We love that Mmaa baskets & bags are part of our sustainable accessories range both online and instore. Not only is Mmaa a social enterprise business producing beautiful hand-woven baskets & bags with multiple uses, but in offering these they are on a mission to promote women’s livelihoods and Africa artisans. Not only are the makers paid fairly, but for every Mmaa basket sold, the company donate a reusable sanitary kit to a girl or young woman in need – helping to end period poverty. The issues around period products is close to our hearts here at Content, which is why we choose to pay the VAT on sanitary products for all Content customers (read more about VAT free sanitary products at Content).
Meet the inspiring woman behind Mmaa baskets & bags to learn about her motivation for supporting women, a revolution in fashion, and her ambition to create positive change in ending period poverty. What is there not to love about this brand?
Why did you launch Mmaa?
Through work with CAMFED (Campaign for Female Education), I heard about this inspirational young woman, Dorcas Apoore, who came from a background of extreme rural poverty in the far North of Ghana and had set up a NGO working with rural women to promote sustainable livelihoods.
When I met her and the women she works with in July 2017 during a trip to Ghana, it was life changing. I not only loved what she was doing but also fell in love with the baskets and wanted to share them with the world!
Mmaa, which means “Mother” in the local dialect, emerged after several iterations of different designs, and the support and advice of friends in Cambridge and London. We launched last April 27 on my 40th birthday and have been blown away by the response to Mmaa baskets and story.
Where and how are Mmaa baskets made?
Mmaa baskets are made from elephant grass which is delivered directly to the Collectives. The Collectives now comprise of nearly 300 women in rural villages in the Upper East Region of Ghana.
Basket weaving is a tradition that has been passed down from generation to generation in the area but, previously, women were paid very little for their work and had to source their own straw and dye. Each market basket takes two to three days to weave by hand!
How is Mmaa part of the current fashion revolution?
We work for the artisans rather than them working for us. We are motivated by the examples of Dorcas and the women in the communities who are totally committed to making beautiful, artisanal products and to giving their children a brighter future.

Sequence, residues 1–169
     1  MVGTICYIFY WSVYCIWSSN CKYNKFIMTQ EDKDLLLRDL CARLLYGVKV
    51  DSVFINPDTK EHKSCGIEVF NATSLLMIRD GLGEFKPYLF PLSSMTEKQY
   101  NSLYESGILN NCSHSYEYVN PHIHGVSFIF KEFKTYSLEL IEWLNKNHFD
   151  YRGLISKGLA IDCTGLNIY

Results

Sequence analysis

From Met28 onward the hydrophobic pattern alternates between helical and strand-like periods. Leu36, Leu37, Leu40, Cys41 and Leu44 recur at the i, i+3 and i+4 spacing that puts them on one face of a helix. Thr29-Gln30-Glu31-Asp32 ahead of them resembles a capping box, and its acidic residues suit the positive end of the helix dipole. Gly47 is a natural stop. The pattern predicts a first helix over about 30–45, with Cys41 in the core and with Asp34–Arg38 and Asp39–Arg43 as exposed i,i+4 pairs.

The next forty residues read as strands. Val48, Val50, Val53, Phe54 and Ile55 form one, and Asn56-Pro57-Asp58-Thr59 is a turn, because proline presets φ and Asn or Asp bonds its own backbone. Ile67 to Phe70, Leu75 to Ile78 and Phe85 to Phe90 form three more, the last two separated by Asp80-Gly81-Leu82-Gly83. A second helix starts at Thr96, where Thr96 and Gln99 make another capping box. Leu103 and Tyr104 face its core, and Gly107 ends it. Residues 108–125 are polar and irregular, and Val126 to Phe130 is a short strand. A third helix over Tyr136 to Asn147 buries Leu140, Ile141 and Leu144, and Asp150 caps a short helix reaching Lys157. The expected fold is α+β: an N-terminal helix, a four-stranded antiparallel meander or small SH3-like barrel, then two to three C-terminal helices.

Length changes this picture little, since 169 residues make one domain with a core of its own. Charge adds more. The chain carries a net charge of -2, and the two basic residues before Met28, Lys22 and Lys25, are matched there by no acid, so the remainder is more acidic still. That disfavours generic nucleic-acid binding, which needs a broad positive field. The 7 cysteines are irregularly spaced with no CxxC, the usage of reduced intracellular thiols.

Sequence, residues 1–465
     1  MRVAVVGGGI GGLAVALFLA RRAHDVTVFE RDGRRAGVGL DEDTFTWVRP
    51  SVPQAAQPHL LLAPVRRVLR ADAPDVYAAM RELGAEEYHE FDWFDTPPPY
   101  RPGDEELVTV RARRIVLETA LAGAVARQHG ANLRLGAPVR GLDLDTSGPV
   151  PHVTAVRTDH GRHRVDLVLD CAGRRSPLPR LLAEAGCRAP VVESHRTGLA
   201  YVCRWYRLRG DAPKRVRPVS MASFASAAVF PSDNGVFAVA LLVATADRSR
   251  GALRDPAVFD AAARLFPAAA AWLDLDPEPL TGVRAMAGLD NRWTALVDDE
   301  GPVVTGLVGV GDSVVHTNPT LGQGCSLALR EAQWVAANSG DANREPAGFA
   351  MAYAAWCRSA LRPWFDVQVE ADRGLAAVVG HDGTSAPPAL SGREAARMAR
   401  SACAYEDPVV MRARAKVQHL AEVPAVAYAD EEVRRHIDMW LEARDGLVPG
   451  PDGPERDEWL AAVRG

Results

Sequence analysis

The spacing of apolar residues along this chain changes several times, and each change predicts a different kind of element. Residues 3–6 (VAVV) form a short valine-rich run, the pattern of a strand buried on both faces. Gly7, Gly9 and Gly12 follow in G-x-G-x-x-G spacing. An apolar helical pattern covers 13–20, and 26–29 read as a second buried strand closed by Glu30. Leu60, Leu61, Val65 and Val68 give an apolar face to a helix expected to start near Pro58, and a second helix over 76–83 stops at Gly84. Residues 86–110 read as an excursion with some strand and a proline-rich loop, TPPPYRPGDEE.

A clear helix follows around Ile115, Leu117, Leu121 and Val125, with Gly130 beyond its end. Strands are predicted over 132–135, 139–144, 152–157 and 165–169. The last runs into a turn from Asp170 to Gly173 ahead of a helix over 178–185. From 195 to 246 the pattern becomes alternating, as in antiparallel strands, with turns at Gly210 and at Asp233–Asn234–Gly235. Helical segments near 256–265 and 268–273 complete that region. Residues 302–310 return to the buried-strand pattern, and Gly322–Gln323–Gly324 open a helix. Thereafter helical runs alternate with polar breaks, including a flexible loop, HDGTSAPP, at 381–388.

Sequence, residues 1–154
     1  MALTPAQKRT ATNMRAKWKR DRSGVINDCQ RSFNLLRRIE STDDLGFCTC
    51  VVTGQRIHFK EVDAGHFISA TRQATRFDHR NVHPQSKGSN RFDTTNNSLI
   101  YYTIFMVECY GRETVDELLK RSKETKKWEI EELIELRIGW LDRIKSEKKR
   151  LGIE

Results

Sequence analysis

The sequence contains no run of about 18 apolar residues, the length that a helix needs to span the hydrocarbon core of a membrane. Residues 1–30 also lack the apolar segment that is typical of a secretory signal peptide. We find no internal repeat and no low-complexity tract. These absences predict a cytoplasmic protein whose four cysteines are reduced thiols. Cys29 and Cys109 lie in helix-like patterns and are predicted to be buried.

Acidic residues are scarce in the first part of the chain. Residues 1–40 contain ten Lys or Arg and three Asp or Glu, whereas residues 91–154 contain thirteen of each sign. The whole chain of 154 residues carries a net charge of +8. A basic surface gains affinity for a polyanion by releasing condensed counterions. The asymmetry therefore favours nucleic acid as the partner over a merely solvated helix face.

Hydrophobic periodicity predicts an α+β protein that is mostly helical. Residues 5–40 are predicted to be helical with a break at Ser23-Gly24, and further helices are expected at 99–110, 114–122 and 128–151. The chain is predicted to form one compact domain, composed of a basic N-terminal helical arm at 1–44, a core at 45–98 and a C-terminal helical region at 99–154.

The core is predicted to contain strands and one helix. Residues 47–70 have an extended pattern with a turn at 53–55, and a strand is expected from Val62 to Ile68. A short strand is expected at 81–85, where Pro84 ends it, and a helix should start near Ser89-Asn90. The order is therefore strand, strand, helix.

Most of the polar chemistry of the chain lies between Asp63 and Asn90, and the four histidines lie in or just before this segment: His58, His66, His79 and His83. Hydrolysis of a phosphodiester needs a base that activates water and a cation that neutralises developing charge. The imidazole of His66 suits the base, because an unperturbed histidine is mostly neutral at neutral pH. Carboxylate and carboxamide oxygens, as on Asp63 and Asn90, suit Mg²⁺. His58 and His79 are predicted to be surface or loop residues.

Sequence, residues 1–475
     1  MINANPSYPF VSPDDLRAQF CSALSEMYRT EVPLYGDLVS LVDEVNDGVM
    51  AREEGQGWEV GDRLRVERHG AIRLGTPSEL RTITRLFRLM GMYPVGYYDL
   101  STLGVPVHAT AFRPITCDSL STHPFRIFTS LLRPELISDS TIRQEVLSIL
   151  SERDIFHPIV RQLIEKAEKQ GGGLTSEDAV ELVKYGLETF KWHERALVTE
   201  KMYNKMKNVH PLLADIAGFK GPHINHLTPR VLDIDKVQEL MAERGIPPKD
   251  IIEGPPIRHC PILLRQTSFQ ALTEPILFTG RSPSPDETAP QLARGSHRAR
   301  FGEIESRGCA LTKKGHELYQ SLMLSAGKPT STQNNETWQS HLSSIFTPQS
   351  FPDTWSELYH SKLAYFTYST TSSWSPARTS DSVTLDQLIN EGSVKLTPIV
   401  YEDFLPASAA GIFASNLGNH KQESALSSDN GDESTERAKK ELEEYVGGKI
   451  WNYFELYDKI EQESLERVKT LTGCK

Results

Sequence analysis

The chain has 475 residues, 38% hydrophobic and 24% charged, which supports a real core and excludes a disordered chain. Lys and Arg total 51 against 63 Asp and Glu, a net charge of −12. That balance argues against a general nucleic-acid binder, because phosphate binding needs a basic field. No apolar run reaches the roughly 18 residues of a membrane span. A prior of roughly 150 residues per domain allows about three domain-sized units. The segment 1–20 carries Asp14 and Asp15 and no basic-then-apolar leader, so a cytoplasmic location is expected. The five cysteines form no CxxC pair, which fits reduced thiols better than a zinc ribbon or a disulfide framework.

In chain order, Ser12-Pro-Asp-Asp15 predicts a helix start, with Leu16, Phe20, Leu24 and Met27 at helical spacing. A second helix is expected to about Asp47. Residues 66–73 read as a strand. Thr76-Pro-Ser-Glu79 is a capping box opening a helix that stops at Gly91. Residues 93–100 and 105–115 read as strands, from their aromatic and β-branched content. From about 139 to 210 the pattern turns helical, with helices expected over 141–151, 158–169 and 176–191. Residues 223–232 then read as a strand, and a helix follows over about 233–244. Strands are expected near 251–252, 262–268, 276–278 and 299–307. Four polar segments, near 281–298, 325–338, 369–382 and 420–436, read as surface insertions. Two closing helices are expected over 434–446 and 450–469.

I was told early on that people wouldn’t care about the story and the social side, but we have found a wonderfully supportive network of partners and clients who are with us on the journey because of the women we work with to make the baskets. It has been fantastic to see the diversity of people that have given homes to Mmaa in country estates and city flats across the UK and further afield, from Miami to Toronto to Geneva to Sydney. The revolution is global and we are so proud to be fulfilling our original mission of bringing these baskets to the world.
I actually did my PhD at Cambridge on social movements, and it is remarkable to see how conscious consumption is intersecting with other movements like the green movement and feminism to support fashion brands that allow us to literally wear our values on our sleeves.
What changes have you seen in the lives of the women you support?
It is truly awe inspiring! When I was there last November, the women in the original collective shared how they no longer needed to worry about their families going hungry when food from the harvest ran out, how they can now afford clothing and shoes, and how their children are staying in school.
In addition to the direct impact of increased income, women in the collectives also benefit from financial literacy training, including opening bank accounts often for the first time and sexual and reproductive health education. Furthermore, the collectives explicitly include women at risk of social exclusion due to mental or physical disability, or teenage pregnancy.
What triggered you to want to be part of a positive change in period poverty?
I am embarrassed to admit that I was unaware of the scale of period poverty until I became involved with CAMFED and was shocked to learn how many girls miss school due to their periods. The problem in poor rural areas can be especially acute.
Dorcas and her team connected with Days for Girls, an international NGO that trains women to make reusable sanitary pad kits that last up to three years. It seemed like a great way to launch their sanitary pad programme in local schools. With funds from Mmaa, they opened a new sanitary pad centre and are reaching schools across the region. I wish you could all hear the reaction of a new collective when we shared the fact that each basket sold would fund a sanitary pad kit – the singing and joy was unforgettable!
“Thank you. Without your support, Mmaa would be no more than a dream. Thank you for caring about the women who make these baskets and thank you for appreciating the talent and craftsmanship that goes into weaving each single one.”
You can learn more about Dorcas here: https://camfed.org/why-girls-education/stories/dorcas/ and hear more about the collectives with this Ted talk here: https://www.youtube.com/watch?v=p9YJgdb6dew.